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It probably helps to understand Spanish when listening to Poncho Sanchez's jazzy brand of salsa, but it isn't imperative. Practically the only Spanish words I understand are "taco" and "tequila," but I've been grooving to this one for two weeks now.
With its contrapunctual rhythms, driving piano and buoyant horns, Sanchez's Latin jazz holds universal appeal. Latin Soul is a kind of live retrospective album that traces Sanchez's 16-year relationship with Concord Picante. There's a palpable synergy between band and audience on this 10-song collection, recorded at performances in Los Angeles and Oakland. The band feeds off the crowd, making for an upbeat, danceable listen.
Sanchez and company form one of the tighter outfits in Latin jazz. Both Sanchez (congas, vocals, percussion) and David Torres (piano) are formidable talents, and the four-piece horn section is spicy hot. Toss in the funky Latin percussionists and the call-and-response vocals, and Poncho makes you forget about Ricky Martin.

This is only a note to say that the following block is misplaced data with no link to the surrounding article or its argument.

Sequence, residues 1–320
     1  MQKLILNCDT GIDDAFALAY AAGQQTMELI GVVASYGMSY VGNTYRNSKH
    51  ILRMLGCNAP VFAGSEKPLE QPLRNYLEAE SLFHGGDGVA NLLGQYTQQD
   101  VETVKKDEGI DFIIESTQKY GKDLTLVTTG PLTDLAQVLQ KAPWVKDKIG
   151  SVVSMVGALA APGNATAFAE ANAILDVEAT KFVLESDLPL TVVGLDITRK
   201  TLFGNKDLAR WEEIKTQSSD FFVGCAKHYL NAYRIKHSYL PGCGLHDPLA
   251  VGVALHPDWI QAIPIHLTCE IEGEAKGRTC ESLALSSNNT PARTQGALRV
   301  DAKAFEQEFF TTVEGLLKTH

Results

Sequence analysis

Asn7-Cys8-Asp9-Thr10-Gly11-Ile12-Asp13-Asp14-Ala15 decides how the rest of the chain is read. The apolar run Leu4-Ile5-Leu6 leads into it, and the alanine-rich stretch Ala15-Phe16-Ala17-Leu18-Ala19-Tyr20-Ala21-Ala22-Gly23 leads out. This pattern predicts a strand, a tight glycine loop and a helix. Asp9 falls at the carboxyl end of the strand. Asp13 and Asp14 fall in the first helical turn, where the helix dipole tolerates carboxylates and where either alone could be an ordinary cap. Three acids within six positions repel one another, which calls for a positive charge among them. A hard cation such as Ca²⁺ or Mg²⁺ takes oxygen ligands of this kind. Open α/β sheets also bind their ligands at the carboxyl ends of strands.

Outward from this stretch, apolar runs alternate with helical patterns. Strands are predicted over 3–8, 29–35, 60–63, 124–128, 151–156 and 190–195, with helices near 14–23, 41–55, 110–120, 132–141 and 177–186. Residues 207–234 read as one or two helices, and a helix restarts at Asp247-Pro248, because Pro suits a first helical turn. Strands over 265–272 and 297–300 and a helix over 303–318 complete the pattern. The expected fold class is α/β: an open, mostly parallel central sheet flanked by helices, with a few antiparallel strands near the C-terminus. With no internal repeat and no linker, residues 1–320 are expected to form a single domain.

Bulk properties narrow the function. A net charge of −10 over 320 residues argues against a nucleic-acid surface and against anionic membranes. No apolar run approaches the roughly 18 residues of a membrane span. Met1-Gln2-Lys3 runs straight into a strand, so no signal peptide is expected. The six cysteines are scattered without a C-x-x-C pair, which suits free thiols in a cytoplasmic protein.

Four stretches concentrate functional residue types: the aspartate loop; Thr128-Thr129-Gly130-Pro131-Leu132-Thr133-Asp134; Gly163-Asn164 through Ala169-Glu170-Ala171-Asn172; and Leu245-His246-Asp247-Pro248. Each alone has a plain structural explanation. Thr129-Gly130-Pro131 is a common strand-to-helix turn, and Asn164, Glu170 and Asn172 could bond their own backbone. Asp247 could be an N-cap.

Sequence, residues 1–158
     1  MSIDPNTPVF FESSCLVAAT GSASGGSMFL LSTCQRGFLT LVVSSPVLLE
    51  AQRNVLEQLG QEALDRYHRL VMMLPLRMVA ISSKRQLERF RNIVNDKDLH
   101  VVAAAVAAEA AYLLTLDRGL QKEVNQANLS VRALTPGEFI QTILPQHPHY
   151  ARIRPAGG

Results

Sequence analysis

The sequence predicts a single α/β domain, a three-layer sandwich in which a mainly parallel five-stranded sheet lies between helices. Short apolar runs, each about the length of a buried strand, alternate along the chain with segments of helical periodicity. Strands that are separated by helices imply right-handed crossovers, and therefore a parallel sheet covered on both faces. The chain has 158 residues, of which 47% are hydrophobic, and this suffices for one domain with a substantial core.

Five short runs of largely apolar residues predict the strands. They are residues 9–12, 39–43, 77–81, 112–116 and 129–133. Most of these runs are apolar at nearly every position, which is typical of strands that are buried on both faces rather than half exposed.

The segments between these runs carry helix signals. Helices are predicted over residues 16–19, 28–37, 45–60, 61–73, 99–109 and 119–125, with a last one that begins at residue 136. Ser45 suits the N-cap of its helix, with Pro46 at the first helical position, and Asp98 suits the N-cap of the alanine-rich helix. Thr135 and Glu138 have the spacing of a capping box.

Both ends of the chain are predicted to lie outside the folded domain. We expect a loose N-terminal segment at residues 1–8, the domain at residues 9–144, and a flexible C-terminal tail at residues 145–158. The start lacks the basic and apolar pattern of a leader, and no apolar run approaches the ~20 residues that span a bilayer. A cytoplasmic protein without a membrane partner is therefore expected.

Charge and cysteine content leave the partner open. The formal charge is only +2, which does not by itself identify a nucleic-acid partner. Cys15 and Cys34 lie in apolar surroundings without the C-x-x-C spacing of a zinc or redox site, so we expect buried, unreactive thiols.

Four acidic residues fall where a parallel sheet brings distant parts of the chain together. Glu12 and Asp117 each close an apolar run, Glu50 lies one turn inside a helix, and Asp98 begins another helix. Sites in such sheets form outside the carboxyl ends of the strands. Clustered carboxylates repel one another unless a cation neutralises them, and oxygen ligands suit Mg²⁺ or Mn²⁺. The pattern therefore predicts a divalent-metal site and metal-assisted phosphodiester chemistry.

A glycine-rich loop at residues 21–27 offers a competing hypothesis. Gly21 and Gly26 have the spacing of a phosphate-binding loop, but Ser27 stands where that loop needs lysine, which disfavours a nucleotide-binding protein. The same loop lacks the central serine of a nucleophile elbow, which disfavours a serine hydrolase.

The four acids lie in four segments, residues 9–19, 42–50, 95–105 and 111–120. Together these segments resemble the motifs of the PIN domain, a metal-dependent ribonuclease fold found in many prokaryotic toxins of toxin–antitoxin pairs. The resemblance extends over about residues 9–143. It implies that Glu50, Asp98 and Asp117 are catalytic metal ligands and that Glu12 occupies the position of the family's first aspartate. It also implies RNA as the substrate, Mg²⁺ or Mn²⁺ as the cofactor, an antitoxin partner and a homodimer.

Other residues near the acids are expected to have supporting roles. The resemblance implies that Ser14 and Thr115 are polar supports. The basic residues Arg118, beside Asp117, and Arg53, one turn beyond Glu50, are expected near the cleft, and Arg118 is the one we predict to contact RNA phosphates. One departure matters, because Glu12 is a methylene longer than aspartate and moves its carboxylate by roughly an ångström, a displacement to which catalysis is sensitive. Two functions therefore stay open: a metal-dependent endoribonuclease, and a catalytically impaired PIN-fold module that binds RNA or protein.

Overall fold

A true traditionalist, Sanchez pays tribute to several Latin jazz pioneers, including Willie Bobo (on the fast-paced "Lisa"), Mongo Santamaria (with the catchy "Besame Mama") and Puerto Rican great Tito Rodriquez (with a soulful version of "Mama Guela"). Especially good are his Latinized version of Herbie Hancock's "Watermelon Man" and a funky Eddie Harris medley ("Listen Here/Cold Duck Time").
Rating *** 1/2 (out of ****)
Tracks:El Conguero; Ven Pa Bailar; Ican; Watermelon Man; Conga Blue; Lisa; Besame Mama; Guaripumpe; Listen Here/Cold Duck Time; Mama Guela
Players:Poncho Sanchez (Congas, Vocals, Percussion, Timbales); David Torres (Piano); Ramon Banda (Timbales, Chekere); Jose "Papo" Rodriguez (Bongos, Chekere, Congas); Sal Cracchiolo (Trumpet, Flugelhorn); Scott Martin (Saxophones, Flute); Francisco Torres (Trombone); Mike Whitman (Baritone Sax)
I love jazz because I enjoy the freedom.
I was first exposed to jazz when I was 17.
I met Cedar Walton at a concert in San Paulo.
The best show I ever attended was Helio Jambao trio.
The first jazz record I bought was Witchcraft by George Benson.
My advice to new listeners is listen to the old school first.